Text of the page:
The waiting is over and Britain has a male Grand Slam singles champion for the first time in 76 years following Andy Murray's US Open win over Novak Djokovic.
Murray's victory has provoked praise from celebrity fans to politicians.
Prime Minister David Cameron has had his say while proud Scots Sir Sean Connery and Sir Alex Ferguson, who were courtside at Flushing Meadows to watch him win, have also been quick to chip in.
Here, BBC Sport looks at the reaction to 25-year-old Murray's success, from his past and present coach to his home town of Dunblane.
Ivan Lendl, who won the US Open three times in his career:
"I didn't come here to have a good time, I came here to help Andy win. He did, so job done. Hopefully, we're not anywhere near where Andy can get. Andy has been maturing nicely as a player, as a competitor, as a person. As you mature you become more comfortable in these situations."
THE FORMER COACH
Miles Maclagan, who worked with Murray between 2007-2010:
"He in uncharted territory and he could go one of two ways. Either he'll absolutely fly for a while and win everything in sight, but it wouldn't surprise me to see a bit of a lull. You reach a lifetime goal, something you've strived for your whole life... you have to take a bit of time to think to set some new goals and build up some determination.'"
THE CELEBRITY FANS
Scottish actor Sir Sean Connery:
"I always felt he had everything and now it's really come to fruition. I met him for the first time a couple of days ago. It's great for Scotland. We've had a really great landslide victory. And stop saying he's British, he's Scottish. I have to go now because the champion is waiting."
Manchester United manager Sir Alex Ferguson:
"I'm really proud for the boy. When he really needed to he showed it. That was a real test of a champion for me. I love tennis, I love watching tennis and to be involved was a really special moment. It was more nerve racking than a Premier League match. I'm usually in control of my own situation, but I wasn't in control tonight."
American actor and director Kevin Spacey:
"I don't think I have ever wanted something more for someone. For all of us who either live in Britain, like I do, or from Britain, the place must be going nuts. It is so well deserved. I met him for the first time last week and tonight is one of the matches I will never forget. There's a time for sporting greats - and this is Andy's time."
THE FORMER PLAYERS
Former British number one Tim Henman:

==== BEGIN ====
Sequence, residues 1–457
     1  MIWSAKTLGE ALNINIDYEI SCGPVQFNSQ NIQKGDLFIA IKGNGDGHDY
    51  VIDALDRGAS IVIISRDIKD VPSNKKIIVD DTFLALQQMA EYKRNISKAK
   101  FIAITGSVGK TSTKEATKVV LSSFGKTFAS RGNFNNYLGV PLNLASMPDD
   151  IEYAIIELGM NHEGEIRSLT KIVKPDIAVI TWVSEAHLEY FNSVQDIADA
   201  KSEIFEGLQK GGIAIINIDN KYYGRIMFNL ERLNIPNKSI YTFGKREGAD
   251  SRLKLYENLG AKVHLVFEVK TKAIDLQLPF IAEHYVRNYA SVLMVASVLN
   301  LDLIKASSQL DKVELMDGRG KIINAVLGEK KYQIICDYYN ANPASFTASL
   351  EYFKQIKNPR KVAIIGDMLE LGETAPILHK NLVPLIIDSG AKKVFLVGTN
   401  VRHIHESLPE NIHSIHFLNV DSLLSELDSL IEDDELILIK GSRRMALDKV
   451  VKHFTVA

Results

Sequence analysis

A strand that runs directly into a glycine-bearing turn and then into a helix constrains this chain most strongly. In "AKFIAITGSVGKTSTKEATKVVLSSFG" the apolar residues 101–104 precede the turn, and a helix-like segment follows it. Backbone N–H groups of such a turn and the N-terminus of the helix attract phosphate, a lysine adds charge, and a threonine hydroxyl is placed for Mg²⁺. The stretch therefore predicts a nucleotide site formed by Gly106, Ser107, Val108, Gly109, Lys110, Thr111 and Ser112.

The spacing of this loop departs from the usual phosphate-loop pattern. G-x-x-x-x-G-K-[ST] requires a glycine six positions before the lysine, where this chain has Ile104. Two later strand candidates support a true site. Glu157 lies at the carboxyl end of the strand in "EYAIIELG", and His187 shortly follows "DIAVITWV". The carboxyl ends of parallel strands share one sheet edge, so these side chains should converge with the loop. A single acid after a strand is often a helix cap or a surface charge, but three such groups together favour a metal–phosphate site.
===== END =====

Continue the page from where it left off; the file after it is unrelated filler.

"Can he go on and be a legend like Fred Perry? Yes. I definitely see him going on to win more. I said the first one would be the hardest but I think it will be the first of many. How many he can win only time will tell. The confidence of the Olympics and this will give him so much confidence."
Former British number one Andrew Castle:
"So many have come and gone over the years, so many of us have had a crack at it and have done our best. But this scrawny boy who came along in 2004-05 was always talented. For me, it was at Wimbledon when he grabbed the microphone off Sue Barker - I don't think Sue liked that much - and said after a wonderful loss: 'This is going to be difficult, but I'm going to say a few words.' I thought that was to his credit."
Prime Minister David Cameron on Twitter:
"Delighted Andy Murray is continuing a golden summer of sport by winning the US Open. A truly great victory."
First Minister of Scotland Alex Salmond:
"Congratulations to Andy Murray on what was a fantastic performance. Andy truly is a Scottish sporting legend and I'm certain that more Grand Slam titles will follow."
Dunblane Conservative councillor Callum Campbell:
"The word proud just doesn't do it any justice. The people of Dunblane have been supporting Andy and his brother Jamie since they were young boys and Andy has repaid their loyalty 10 times over. A lot of young people who live in Dunblane look up to Andy. He's a local hero."
THE FORMER SPORTS PSYCHOLOGIST
Roberto Forzoni, who has worked with Andy Murray:
"Look at his record over the last four or five years, it has got better and better. Ivan has been terrific, that calming influence."
BBC Sport's Jonathan Overend:
"Murray was in a state of confusion. Obviously he was delighted, but there were just so many things going round in his mind. We thought it would never happen, we feared it would never happen because of the quality of opposition he continues to face."